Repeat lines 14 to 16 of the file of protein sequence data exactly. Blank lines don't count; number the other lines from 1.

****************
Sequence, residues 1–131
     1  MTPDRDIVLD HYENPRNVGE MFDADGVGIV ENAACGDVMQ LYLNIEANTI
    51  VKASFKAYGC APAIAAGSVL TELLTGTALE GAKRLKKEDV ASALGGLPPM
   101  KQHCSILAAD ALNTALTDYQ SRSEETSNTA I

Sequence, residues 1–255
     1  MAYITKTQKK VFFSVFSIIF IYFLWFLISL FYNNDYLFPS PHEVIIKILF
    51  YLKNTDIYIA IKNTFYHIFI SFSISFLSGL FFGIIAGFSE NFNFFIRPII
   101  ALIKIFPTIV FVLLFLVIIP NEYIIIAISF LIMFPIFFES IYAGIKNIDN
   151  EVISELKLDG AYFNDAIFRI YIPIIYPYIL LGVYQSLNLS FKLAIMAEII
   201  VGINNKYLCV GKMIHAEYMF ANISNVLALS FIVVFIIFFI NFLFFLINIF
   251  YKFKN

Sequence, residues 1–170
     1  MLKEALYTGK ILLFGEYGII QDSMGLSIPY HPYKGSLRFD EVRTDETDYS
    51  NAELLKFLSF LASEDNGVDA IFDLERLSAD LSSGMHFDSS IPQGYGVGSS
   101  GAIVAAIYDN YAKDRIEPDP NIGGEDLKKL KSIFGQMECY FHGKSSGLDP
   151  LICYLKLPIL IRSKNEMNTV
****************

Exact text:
    51  NAELLKFLSF LASEDNGVDA IFDLERLSAD LSSGMHFDSS IPQGYGVGSS
   101  GAIVAAIYDN YAKDRIEPDP NIGGEDLKKL KSIFGQMECY FHGKSSGLDP
   151  LICYLKLPIL IRSKNEMNTV